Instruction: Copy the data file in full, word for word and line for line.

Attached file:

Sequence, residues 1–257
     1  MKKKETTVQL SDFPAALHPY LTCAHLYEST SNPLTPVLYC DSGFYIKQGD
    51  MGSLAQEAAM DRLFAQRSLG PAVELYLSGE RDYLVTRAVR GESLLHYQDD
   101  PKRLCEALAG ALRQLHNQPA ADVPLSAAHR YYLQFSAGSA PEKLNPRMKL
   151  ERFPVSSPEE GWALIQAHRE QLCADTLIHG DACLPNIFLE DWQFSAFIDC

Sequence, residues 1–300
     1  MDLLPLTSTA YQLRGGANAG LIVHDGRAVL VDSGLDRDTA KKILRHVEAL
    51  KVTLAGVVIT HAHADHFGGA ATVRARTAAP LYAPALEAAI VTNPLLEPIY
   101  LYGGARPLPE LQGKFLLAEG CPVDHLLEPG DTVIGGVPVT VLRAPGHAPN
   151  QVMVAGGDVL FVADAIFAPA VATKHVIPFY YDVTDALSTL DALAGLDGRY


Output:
Sequence, residues 1–257
     1  MKKKETTVQL SDFPAALHPY LTCAHLYEST SNPLTPVLYC DSGFYIKQGD
    51  MGSLAQEAAM DRLFAQRSLG PAVELYLSGE RDYLVTRAVR GESLLHYQDD
   101  PKRLCEALAG ALRQLHNQPA ADVPLSAAHR YYLQFSAGSA PEKLNPRMKL
   151  ERFPVSSPEE GWALIQAHRE QLCADTLIHG DACLPNIFLE DWQFSAFIDC

Sequence, residues 1–300
     1  MDLLPLTSTA YQLRGGANAG LIVHDGRAVL VDSGLDRDTA KKILRHVEAL
    51  KVTLAGVVIT HAHADHFGGA ATVRARTAAP LYAPALEAAI VTNPLLEPIY
   101  LYGGARPLPE LQGKFLLAEG CPVDHLLEPG DTVIGGVPVT VLRAPGHAPN
   151  QVMVAGGDVL FVADAIFAPA VATKHVIPFY YDVTDALSTL DALAGLDGRY